This website is based on our book, Idaho Mountain Wildflowers. We  have tried, both in the book and on these pages, to use proper botanical nomenclature for all plants. Proper classification--although confusing at first--is based on sound rules. First,  each plant has a scientific "binomial name" made up of two parts. These are: (1) the plant's generic name (2) the plant's species name. The latter may be modified further by adding a variety (var.) or a subspecies (ssp.). Next, many plants have common names. All of this is explained in greater detail below:

The first word in a scientific binomial  represents a plant's genus; for example Camassia represents the genus in which our common blue camas resides..The second part of the binomial represents the plant's species, for example quamash represents the common Idaho camas's species. The name Camassia quamash distinguishes it from all other camases; for example from Camassia scilloides, the Atlantic camas. Some plants come in different varieties or subspecies. These may be added to the binomial scientific name to further distinguish a given plant. Some botanists, for example, recognize a common camas that grows only in Washington as a separate variety. Its scientific name is Camassia quamash var. azurea (to designate our common camas from that one, we might designate ours as Camassia quamash var. quamash). The beauty of scientific names is that only one plant in the whole world can have a specific scientific binomial name.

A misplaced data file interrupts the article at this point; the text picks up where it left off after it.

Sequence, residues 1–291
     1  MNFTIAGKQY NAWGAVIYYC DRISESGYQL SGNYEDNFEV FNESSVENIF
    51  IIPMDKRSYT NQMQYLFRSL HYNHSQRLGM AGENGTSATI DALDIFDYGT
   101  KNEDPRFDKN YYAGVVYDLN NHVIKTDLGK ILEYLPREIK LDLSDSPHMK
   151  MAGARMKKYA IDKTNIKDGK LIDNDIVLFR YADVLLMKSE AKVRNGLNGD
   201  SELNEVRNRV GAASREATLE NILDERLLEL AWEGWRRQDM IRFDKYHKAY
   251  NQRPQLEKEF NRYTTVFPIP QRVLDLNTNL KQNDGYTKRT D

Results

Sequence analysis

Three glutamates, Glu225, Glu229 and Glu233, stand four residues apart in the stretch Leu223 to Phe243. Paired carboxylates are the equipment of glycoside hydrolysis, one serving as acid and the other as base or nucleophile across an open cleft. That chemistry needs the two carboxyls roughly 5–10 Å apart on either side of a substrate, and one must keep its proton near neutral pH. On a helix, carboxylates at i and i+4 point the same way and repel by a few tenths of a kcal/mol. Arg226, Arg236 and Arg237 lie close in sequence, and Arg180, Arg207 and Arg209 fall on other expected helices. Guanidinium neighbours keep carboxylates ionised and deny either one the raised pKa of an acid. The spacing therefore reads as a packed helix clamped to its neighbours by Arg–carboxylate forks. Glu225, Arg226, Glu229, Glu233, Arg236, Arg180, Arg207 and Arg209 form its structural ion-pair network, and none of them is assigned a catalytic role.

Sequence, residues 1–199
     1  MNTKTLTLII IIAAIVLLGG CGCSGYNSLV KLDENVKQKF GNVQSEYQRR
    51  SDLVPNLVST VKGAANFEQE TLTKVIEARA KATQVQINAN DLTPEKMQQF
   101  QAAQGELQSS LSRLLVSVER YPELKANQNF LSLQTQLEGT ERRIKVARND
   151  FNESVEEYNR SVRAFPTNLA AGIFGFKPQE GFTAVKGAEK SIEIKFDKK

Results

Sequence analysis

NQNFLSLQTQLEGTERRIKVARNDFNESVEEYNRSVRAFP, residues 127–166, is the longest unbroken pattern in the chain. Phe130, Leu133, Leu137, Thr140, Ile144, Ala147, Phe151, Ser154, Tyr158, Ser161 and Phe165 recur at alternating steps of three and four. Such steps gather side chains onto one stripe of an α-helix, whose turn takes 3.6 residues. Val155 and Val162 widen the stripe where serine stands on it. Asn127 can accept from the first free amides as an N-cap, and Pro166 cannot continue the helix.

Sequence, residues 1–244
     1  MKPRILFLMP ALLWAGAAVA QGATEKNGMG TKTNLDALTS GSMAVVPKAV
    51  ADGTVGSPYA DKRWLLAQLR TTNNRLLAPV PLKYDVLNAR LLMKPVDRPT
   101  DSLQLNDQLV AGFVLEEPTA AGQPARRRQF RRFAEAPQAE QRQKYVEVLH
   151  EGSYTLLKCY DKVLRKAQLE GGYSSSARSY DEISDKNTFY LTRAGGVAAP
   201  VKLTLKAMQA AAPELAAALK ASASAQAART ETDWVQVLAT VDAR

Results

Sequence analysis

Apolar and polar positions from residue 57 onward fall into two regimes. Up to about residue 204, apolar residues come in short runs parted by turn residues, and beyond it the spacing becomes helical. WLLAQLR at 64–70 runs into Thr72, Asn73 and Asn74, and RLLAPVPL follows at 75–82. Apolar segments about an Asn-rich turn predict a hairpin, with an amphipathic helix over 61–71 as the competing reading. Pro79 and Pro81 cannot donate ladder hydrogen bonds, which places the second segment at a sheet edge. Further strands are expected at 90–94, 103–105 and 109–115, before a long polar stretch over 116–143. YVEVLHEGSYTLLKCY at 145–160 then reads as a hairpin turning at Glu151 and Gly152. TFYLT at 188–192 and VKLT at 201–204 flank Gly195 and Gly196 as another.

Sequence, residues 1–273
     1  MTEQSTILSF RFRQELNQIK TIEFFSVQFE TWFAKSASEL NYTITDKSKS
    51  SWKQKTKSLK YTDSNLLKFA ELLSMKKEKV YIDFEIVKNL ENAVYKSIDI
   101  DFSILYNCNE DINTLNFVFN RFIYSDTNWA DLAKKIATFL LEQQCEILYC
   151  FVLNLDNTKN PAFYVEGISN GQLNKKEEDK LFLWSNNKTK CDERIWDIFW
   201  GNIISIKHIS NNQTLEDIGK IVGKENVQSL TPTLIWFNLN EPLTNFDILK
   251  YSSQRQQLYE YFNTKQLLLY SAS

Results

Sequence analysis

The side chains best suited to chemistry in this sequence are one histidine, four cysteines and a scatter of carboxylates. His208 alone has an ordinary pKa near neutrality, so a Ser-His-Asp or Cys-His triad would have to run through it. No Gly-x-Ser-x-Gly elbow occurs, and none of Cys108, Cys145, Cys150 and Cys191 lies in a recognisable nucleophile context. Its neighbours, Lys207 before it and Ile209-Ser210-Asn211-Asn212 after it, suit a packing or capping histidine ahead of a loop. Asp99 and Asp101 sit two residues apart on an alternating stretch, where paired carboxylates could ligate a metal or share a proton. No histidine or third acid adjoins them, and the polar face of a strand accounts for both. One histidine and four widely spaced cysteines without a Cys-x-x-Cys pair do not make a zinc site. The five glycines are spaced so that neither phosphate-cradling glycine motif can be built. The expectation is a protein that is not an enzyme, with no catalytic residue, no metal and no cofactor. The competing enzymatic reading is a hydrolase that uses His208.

Proper botanical nomenclature requires that the name of the individual who first published a description of a plant, be appended to that plant's scientific name. Thus, Frederick Pursh who classified the plants returned by the Lewis and Clark expedition, was the first to describe the common camas scientifically . He placed it in genus Phalangium, and gave it the species name quamash. At that time, therefore, the proper designation of  the plant would have been Phalangium quamash Pursh. Over the years the plant was reclassified several times until botanist Edward Lee Greene (1843-1915), a great one for reclassifying plants, gave it its present name, Camassia quamash. The plant is properly known today as Camassia quamash (Pursh) Greene.